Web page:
United States Nuclear Regulatory Commission - Protecting People and the Environment

Information Notice No. 87-53: Auxiliary Feedwater Pump Trips Resulting from Low Suction Pressure

                                                      SSINS No.:  6835
                                                          IN 87-53

                                  UNITED STATES
                          NUCLEAR REGULATORY COMMISSION
                             WASHINGTON, D.C.  20555

                                October 20, 1987

Information Notice No. 87-53:  AUXILIARY FEEDWATER PUMP TRIPS 
                                   RESULTING FROM LOW SUCTION PRESSURE


All holders of operating licenses or construction permits for nuclear power 


This information notice is being provided to alert addressees to potential 
problems resulting from low suction pressure trips of auxiliary feedwater 
(AFW) pumps which may contribute to system unavailability.  It is expected 
that recipients will review the information for applicability to their 
facilities and consider actions, as appropriate, to avoid similar problems.  
However, suggestions contained in this information notice do not constitute 
NRC requirements; therefore, no specific action or written response is 

Description of Circumstances:

Described herein are four events during which the AFW pumps tripped on low 
suction pressure trip signals as a result of brief suction pressure oscilla-
tions or fluctuations which occurred despite the availability of sufficient 
steady-state net positive suction head (NPSH).  These events occurred at 
Millstone 3, D.C. Cook 1, Trojan, and Zion 2.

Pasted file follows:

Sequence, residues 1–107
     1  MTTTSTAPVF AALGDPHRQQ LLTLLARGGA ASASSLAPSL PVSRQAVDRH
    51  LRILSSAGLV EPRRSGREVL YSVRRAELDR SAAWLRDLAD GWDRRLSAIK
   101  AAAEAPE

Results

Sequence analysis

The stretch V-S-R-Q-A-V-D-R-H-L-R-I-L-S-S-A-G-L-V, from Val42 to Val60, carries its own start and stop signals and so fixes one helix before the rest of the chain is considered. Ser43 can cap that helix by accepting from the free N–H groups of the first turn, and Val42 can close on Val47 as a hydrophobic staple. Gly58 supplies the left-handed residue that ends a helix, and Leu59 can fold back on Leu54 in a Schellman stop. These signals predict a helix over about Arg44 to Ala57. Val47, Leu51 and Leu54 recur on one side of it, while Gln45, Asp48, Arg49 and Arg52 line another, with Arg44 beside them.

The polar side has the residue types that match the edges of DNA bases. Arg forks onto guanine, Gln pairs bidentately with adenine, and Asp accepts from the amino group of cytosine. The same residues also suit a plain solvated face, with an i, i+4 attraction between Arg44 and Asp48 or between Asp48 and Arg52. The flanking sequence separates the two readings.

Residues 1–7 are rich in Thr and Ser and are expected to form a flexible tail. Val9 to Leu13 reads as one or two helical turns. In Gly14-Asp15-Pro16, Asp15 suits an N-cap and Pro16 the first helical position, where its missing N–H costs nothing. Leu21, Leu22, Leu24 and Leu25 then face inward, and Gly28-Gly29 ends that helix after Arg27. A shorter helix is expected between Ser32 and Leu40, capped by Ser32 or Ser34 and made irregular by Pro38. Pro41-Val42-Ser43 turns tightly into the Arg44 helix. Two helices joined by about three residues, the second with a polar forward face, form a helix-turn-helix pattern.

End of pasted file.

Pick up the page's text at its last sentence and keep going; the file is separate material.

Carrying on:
Millstone 3 Event

On January 27, 1987, the "A" motor-driven auxiliary feedwater (MDAFW) pump 
tripped seconds after being started on three different occasions during quar-
terly surveillance testing at Millstone Unit 3 while the reactor was operating 
at 100% power.  On January 29, 1987, the "B" MDAFW pump tripped seconds after 
it was started during similar testing.  Subsequently, both pumps were declared 
inoperable.  The licensee determined that the trips were caused by brief 
suction pressure oscillations that resulted in low suction pressure trip 
signals.  The suction pressure oscillations were induced by hydraulic 
hammering in the pump discharge line.  The hydraulic hammering occurred with 
the system valve aligned for testing:  the pumps isolated from the steam 
generators and the flow bypassed through the recirculating line back to the 
demineralized water storage tank.  The licensee speculated that the source of 
the hydraulic hammering was either the closed motor-operated valve or the 
check valve in 

                                                    IN 87-53
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the pump discharge line.  A subsequent investigation by the licensee revealed 
that significant pump suction pressure oscillations could also occur during 
other pump modes of operation.  The licensee has removed the suction pressure 
trips from the MDAFW pumps to preclude similar low pressure pump trips.  

D.C. Cook 1 Event

On October 27, 1985, while the reactor was in hot standby, with the West MDAFW 
pump in service and the TDAFW pump being tested, the West MDAFW pump tripped 
on low suction pressure and the TDAFW pump was declared inoperable following 
testing.  This placed the plant in a technical specification action statement.
A faulty governor caused turbine speed oscillations that resulted in pressure 
fluctuations on the suction side of the MDAFW pump.  The MDAFW and the TDAFW 
pumps share a common suction header.  

As a corrective action, the licensee removed the low suction pressure trip 
feature and replaced it with an alarm/operator action combination.  The alarm 
actuates when the water level in the condensate storage tank drops to the 
point where 14 minutes remain before the level would reach the center line of 
the suction pipe for the AFW pumps.  This time is deemed sufficient for the 
operator to take appropriate actions to prevent pump damage.  

Trojan Event